Major historical events have a powerful way of impacting our lives. For example, people can remember where they were when they found out that President Kennedy had been assassinated. And I can remember right where I was when I learned of the September 11th attacks, down to the exact conversation I had with my college roommate.
Today is the 70th anniversary of a major international historical event, the bombing of Pearl Harbor. My Pop Pop, my dad’s father, was there on that fateful day, serving as an 18-year old second class seaman in the U.S. Navy on the USS Dobbin. He is now one of only a few survivors living in Pennsylvania.
When my brother and I started to learn about Pearl Harbor in school, we would ask him questions and he’d tell us about his Navy days, what it was like to work in “the belly of the boat” and to live on a ship. I don’t think it was until we reached middle school or high school that he told us some of the darker stories that he experienced – witnessing bombs dropping, losing his shipmates, sustaining war injuries himself.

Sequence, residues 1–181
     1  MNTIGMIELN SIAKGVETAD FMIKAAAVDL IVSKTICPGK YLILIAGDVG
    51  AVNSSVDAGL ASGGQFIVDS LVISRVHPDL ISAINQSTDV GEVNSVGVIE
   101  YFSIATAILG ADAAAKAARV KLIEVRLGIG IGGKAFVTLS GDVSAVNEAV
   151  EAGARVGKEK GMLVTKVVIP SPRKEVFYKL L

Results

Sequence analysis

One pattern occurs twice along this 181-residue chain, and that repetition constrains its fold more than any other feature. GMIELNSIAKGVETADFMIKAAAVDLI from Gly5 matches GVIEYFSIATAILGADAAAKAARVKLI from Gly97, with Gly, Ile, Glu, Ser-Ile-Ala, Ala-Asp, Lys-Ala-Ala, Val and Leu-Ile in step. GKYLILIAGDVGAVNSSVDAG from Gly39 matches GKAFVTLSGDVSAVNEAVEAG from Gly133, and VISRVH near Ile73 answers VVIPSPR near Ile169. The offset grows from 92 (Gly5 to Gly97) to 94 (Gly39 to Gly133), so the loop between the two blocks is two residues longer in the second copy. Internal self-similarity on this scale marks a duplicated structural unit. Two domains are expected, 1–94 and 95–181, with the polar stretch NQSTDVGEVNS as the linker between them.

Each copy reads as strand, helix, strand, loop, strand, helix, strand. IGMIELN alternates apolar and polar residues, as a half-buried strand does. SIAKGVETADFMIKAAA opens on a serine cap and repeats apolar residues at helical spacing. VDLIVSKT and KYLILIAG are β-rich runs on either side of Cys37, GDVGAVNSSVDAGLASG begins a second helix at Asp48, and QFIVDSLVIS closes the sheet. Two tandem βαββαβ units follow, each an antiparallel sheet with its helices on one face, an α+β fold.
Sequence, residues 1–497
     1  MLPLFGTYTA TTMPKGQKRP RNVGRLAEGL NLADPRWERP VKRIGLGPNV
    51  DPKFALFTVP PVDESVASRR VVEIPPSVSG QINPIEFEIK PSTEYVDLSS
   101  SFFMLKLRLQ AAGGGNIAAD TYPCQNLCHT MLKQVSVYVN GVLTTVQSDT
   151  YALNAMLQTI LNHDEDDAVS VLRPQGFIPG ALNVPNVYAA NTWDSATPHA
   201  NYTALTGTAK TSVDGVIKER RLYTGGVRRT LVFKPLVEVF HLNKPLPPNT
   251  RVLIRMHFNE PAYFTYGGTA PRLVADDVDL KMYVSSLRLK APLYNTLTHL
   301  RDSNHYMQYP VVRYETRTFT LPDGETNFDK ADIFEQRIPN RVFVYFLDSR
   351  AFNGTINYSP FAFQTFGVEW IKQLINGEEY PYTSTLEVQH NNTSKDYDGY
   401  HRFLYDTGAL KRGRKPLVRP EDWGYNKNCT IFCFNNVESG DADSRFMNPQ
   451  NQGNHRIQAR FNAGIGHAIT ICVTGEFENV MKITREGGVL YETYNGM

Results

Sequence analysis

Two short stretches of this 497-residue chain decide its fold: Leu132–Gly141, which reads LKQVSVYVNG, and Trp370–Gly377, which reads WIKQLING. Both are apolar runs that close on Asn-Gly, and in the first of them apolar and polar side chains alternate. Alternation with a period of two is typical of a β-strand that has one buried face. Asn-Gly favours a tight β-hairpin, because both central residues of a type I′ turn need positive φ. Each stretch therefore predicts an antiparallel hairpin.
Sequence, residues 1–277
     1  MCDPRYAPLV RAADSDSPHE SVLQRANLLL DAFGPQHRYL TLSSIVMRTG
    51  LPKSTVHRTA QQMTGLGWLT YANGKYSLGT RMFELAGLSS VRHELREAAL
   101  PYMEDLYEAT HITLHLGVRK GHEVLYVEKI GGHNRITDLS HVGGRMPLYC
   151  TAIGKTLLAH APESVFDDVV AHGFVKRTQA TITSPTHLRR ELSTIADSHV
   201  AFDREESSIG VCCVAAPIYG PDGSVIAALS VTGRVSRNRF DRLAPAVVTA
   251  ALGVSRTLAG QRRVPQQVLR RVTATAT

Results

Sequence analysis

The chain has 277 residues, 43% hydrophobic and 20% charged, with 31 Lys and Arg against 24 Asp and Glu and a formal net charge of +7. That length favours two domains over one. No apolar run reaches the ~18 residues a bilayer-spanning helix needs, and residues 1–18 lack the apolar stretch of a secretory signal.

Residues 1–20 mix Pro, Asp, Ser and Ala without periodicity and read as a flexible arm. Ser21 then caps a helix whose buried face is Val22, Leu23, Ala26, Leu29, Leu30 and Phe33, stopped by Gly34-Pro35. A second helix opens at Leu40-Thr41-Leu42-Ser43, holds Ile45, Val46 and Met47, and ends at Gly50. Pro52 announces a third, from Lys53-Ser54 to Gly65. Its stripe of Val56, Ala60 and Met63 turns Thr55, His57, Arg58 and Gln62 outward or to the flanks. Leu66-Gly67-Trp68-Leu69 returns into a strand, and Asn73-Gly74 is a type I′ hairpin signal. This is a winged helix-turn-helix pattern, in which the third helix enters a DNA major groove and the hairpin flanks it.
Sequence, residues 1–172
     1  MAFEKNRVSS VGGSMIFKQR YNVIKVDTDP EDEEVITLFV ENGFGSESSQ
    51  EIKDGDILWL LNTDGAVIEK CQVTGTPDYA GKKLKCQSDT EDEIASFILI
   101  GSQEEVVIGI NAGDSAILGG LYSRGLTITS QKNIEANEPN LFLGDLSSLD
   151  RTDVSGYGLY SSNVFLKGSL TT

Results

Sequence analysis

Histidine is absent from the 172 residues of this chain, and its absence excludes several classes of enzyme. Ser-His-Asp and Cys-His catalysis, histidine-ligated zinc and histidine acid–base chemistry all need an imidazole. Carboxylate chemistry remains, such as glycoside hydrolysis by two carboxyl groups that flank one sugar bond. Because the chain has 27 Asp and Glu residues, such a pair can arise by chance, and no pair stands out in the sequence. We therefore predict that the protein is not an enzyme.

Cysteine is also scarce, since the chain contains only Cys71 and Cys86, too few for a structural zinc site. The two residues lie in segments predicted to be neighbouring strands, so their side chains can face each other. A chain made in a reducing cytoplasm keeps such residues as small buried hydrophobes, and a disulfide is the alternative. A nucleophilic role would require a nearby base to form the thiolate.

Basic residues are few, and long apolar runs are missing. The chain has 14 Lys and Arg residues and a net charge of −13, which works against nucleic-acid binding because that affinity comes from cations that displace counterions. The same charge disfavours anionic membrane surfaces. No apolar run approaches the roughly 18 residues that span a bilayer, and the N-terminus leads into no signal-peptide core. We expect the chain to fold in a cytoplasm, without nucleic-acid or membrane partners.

Now, as an adult, living in our own time of war and seeing my friends go off to serve in Iraq and Afghanistan, I can truly appreciate and get a sense of what it is that my grandfather went through.
My Pop is a very humble man, and will give a hand-shake and nod his head to passersby who thank him for his service when they see his Navy baseball cap that reads “I Served With Pride”, which he’s wearing for his newspaper article, below. If you call him a hero, he may brush it off and say he was just doing his job. But he is a hero, and he survived something that many others did not.
I’m sitting here crying as I type this post, just thinking about him; not really sure why or what is hitting me so hard. I just know that I love him more than words can say, and am so proud of what he’s done throughout his life.
Today, Pop was featured in a great article in my hometown paper, and I’d be honored if you checked it out: From Boy to Man in One Infernal Day: Pearl Harbor survivor looks back on attack 70 years ago